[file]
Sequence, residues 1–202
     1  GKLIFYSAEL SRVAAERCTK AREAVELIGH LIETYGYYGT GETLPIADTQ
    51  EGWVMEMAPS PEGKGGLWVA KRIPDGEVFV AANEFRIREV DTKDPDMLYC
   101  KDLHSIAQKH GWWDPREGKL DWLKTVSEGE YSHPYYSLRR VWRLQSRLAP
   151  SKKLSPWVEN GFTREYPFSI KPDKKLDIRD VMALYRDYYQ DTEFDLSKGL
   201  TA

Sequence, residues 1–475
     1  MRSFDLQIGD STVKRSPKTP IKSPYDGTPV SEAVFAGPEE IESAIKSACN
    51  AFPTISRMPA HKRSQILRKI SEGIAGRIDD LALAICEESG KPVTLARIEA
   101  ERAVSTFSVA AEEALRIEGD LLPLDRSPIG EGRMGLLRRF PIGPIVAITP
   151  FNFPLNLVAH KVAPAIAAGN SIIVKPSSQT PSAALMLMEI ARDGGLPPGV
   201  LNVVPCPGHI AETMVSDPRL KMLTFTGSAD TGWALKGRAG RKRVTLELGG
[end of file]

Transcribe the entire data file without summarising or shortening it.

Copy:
Sequence, residues 1–202
     1  GKLIFYSAEL SRVAAERCTK AREAVELIGH LIETYGYYGT GETLPIADTQ
    51  EGWVMEMAPS PEGKGGLWVA KRIPDGEVFV AANEFRIREV DTKDPDMLYC
   101  KDLHSIAQKH GWWDPREGKL DWLKTVSEGE YSHPYYSLRR VWRLQSRLAP
   151  SKKLSPWVEN GFTREYPFSI KPDKKLDIRD VMALYRDYYQ DTEFDLSKGL
   201  TA

Sequence, residues 1–475
     1  MRSFDLQIGD STVKRSPKTP IKSPYDGTPV SEAVFAGPEE IESAIKSACN
    51  AFPTISRMPA HKRSQILRKI SEGIAGRIDD LALAICEESG KPVTLARIEA
   101  ERAVSTFSVA AEEALRIEGD LLPLDRSPIG EGRMGLLRRF PIGPIVAITP
   151  FNFPLNLVAH KVAPAIAAGN SIIVKPSSQT PSAALMLMEI ARDGGLPPGV
   201  LNVVPCPGHI AETMVSDPRL KMLTFTGSAD TGWALKGRAG RKRVTLELGG